In Kesser v. Cambra, the en banc Ninth Circuit panel held that a California State Prosecutor's justifications for peremptory challenges during jury voir dire were pretexts for purposeful discrimination. The Ninth Circuit concluded that the California Court of Appeal failed to apply the proper Supreme Court test under Batson v. Kentucky to determine whether the prosecutor's nonracial motives were pretextual. Applying a "comparative juror analysis" (comparing the characteristics of a stricken juror with an impaneled juror), the Ninth Circuit majority held that the California Court of Appeal improperly relied solely on the prosecutor's own self-serving testimony as to his race-neutral reasons. By contrast, the concurring and dissenting opinions argued that a pure "comparative juror analysis" was not prescribed by Supreme Court precedent and offered alternative approaches.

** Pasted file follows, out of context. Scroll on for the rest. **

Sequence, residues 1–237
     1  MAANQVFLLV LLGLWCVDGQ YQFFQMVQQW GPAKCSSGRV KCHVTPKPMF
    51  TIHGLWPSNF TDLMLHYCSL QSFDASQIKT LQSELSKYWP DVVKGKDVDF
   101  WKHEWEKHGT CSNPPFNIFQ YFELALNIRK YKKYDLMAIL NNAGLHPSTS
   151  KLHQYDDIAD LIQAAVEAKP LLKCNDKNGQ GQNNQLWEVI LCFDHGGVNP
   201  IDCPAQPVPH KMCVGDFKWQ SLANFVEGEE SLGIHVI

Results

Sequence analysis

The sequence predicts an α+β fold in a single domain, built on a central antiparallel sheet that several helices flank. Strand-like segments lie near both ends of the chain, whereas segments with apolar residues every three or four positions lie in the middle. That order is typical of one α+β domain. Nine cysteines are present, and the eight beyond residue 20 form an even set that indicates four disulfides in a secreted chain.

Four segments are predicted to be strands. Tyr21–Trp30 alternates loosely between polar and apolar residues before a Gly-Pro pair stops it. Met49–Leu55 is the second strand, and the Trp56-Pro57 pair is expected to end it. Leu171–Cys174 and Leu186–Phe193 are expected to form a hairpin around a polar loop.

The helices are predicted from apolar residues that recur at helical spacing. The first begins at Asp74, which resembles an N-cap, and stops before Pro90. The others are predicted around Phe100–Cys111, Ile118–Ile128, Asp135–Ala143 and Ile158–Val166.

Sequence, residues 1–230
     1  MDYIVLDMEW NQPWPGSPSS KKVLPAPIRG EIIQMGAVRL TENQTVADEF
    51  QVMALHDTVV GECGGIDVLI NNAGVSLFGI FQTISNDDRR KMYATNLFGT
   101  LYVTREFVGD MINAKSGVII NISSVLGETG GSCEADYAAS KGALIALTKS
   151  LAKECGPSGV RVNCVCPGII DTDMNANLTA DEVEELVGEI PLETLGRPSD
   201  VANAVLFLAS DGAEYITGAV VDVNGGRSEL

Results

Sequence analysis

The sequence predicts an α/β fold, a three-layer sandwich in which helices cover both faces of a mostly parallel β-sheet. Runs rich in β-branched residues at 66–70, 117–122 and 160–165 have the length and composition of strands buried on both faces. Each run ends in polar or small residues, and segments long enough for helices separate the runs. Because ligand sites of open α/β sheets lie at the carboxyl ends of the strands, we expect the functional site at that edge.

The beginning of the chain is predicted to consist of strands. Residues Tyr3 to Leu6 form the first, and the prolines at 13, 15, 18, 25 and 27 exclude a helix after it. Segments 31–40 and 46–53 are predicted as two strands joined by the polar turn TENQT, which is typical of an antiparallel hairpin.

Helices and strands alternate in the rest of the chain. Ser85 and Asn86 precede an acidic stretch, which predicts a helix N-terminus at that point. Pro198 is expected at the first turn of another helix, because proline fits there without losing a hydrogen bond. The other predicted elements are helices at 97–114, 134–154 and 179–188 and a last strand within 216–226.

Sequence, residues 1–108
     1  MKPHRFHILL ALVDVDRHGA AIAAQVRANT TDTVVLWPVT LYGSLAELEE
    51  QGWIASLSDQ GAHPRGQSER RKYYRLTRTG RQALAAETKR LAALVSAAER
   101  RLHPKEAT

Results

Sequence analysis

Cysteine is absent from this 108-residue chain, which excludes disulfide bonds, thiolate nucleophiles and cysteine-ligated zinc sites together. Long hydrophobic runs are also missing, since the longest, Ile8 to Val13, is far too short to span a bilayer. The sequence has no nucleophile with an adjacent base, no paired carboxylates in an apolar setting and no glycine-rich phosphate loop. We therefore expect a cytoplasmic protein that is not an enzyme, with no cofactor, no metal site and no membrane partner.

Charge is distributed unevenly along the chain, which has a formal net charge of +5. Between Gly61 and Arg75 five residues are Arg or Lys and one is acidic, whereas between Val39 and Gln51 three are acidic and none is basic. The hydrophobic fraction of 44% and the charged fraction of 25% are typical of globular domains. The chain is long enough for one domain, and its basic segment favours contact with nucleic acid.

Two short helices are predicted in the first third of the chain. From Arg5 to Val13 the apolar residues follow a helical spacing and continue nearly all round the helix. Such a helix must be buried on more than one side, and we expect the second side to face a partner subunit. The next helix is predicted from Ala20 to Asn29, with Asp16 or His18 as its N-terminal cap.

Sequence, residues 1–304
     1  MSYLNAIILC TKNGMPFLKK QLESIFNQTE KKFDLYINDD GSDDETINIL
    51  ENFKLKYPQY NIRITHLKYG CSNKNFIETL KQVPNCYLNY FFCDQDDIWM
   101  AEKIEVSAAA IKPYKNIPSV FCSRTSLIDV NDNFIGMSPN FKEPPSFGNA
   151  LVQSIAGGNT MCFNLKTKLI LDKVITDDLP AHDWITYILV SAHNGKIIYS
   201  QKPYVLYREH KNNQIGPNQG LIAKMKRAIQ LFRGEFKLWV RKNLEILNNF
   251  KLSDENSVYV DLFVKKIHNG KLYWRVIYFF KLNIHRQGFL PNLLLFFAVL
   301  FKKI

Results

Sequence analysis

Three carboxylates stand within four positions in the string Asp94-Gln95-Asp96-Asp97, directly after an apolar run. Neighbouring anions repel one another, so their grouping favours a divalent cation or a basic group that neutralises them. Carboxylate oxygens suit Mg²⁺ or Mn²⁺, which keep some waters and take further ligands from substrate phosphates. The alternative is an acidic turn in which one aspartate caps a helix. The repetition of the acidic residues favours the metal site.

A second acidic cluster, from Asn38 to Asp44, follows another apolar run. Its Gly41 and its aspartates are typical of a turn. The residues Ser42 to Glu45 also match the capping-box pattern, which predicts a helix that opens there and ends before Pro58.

Voir Dire Racial Discrimination Under a "Comparative Juror Analysis" in Kesser v. Cambra, 37 Golden Gate U. L. Rev.